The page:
Iago can spread lies like mayonnaise.
Though Betrayal was written by the late English dramatist Harold Pinter, William Shakespeare, the other famous English playwright, share a connection of revealing human foibles and making them appear normal in a strange way. Shakespeare’s Othello serves as a side dish to Pinter’s main meal of Betrayal. Pinter took a grand chance in telling his story in chronological order going backwards. Probably where director Quentin Tarantino got that idea for his 1994 hit Pulp Fiction. The play begins in 1977 when former lovers Emma (Liza Seneca) and Jerry (Adam J. Smith) meet after their two-year break up. For over five years, the two carried a secret and torrid affair in a non-disclosed apartment with huge complications. Emma is now in an affair with Casey, Jerry’s agent and Robert’s (Emma’s husband) publisher. She discovered that Robert has had multiple affairs over the years and admits to Robert that she and Jerry also had an affair. It’s hard to keep up but eventually the story unravels and exposes more surprises. Not any of them pretty.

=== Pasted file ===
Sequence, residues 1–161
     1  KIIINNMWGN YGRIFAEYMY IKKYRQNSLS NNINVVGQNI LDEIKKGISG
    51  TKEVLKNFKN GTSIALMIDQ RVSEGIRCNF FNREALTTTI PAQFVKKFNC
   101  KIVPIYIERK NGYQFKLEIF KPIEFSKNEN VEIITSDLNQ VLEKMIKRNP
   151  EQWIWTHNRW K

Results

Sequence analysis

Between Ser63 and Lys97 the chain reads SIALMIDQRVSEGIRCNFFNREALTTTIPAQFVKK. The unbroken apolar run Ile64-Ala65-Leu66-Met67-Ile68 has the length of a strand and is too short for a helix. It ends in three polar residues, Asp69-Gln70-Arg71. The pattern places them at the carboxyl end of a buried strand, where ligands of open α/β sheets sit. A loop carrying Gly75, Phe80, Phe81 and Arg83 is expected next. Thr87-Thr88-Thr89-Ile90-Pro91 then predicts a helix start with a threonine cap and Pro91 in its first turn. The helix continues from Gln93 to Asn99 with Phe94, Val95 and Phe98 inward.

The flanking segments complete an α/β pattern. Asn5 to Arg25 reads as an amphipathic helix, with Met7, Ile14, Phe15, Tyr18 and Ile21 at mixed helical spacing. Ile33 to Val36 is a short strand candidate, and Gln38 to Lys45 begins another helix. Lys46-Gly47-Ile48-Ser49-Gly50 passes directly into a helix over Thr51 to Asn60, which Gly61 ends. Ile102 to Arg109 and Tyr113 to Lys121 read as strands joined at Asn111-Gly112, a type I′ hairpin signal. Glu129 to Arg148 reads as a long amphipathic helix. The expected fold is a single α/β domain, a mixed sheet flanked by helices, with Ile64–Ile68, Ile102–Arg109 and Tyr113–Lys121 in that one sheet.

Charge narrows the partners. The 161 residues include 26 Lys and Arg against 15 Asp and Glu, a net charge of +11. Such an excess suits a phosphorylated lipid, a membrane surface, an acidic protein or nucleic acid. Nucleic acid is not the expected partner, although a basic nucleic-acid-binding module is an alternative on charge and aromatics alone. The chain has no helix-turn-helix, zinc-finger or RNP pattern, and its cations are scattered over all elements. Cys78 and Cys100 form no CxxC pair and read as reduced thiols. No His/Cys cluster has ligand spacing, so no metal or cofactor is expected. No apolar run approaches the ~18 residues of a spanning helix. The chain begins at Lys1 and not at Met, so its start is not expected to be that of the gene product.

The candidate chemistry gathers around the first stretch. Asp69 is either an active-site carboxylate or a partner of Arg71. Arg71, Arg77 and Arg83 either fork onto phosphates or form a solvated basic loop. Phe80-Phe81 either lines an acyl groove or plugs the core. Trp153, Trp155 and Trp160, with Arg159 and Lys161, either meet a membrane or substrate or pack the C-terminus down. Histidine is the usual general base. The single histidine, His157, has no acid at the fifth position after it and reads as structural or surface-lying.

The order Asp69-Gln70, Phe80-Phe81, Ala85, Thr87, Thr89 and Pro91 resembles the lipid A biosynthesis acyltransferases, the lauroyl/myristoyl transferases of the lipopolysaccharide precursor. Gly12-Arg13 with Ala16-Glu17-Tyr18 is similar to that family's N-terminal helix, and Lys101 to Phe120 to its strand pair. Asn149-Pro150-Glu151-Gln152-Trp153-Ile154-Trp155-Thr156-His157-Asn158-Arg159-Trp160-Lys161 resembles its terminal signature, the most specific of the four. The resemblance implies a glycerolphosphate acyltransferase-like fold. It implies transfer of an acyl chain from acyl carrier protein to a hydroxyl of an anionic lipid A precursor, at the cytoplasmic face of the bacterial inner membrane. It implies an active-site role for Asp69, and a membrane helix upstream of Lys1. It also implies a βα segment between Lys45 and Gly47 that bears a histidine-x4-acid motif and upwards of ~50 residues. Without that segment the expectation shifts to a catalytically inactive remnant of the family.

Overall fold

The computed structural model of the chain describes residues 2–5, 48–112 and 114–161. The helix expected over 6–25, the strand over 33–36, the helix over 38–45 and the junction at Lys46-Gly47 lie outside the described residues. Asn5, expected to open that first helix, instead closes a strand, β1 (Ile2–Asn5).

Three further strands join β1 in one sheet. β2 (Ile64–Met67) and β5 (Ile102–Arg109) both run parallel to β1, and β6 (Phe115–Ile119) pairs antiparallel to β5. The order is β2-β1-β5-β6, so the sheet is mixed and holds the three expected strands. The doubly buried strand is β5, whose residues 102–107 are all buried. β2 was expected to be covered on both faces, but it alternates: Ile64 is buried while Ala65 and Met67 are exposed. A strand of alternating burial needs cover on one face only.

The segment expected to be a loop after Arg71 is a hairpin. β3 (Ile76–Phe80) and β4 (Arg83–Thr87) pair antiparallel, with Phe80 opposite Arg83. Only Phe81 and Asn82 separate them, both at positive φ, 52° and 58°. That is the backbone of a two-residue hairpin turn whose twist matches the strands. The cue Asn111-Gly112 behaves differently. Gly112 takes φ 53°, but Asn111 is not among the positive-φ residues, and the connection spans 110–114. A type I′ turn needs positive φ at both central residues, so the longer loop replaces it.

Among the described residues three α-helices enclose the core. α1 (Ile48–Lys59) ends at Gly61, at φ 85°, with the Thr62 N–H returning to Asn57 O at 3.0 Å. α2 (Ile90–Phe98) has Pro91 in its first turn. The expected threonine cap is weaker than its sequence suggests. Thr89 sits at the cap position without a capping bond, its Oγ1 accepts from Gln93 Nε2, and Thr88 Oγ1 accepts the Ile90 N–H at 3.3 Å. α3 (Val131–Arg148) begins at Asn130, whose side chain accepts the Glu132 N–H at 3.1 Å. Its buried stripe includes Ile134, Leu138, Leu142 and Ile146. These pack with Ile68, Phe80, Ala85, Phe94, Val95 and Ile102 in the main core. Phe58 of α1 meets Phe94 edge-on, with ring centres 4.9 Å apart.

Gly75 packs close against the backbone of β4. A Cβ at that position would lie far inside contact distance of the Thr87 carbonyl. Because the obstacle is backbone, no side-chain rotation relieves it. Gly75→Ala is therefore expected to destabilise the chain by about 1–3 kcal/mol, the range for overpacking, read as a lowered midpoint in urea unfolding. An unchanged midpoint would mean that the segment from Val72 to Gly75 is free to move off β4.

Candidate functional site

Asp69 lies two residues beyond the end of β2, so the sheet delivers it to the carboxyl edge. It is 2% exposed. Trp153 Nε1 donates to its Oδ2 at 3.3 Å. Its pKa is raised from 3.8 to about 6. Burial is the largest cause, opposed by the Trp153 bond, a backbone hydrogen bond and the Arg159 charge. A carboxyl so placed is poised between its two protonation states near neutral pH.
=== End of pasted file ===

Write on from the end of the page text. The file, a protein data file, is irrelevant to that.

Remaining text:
They chat up for a moment being careful on what is said. Things don’t get too personal at first. The songs in the background “Don’t Go Breaking My Heart” and “You Light Up My Life” gives you an idea on the current status of their relationship now. They are both married other people and reminisce about their times in the apartment they once shared. From there, time moves backwards. Jerry meets with Robert to talk about his affair with Emma. The bond that Emma and Jerry shared slowly deteriorates. And soon, we see how Jerry and Emma meet in Emma and Robert’s home. Jerry meets Emma in her bedroom and introduces himself as Robert’s best man, who’s in love with his wife. You will probably need to take some Tylenol to keep up with this twisted and hysterical scenario. Othello (William DeMeritt shows up killing the role) is terribly irate about discovering his wife Desdemona (Seneca in a dual role) illicit affair with the handsome solider Cassio (Luke McClure does an amazing job).
Like Emma and Jerry, Othello and Desdemona go backward in time, somehow, clarifying their own situation. Much love goes to Seneca, for adapting The Betrayal and Othello into a cunning and smart story. She quickly saw the correlation between these two phenomenal writers and created an original piece of work that should be required reading for college and acting students. All of the actors play two roles, one from Pinter and the other from The Bard. God bless them for their great talent. Director Elizabeth Swain does a wonderful job in executing both stories and merging them into one.
An Evening of Betrayal plays Thursday, Friday and Saturday at 8 PM and ends Sunday, June 24th at 2 PM at Theatre 68 located at 5112 Lankershim in North Hollywood. For ticket information, log on to www.brownpapertickets.com/event/3415884 or www.The6thAct.com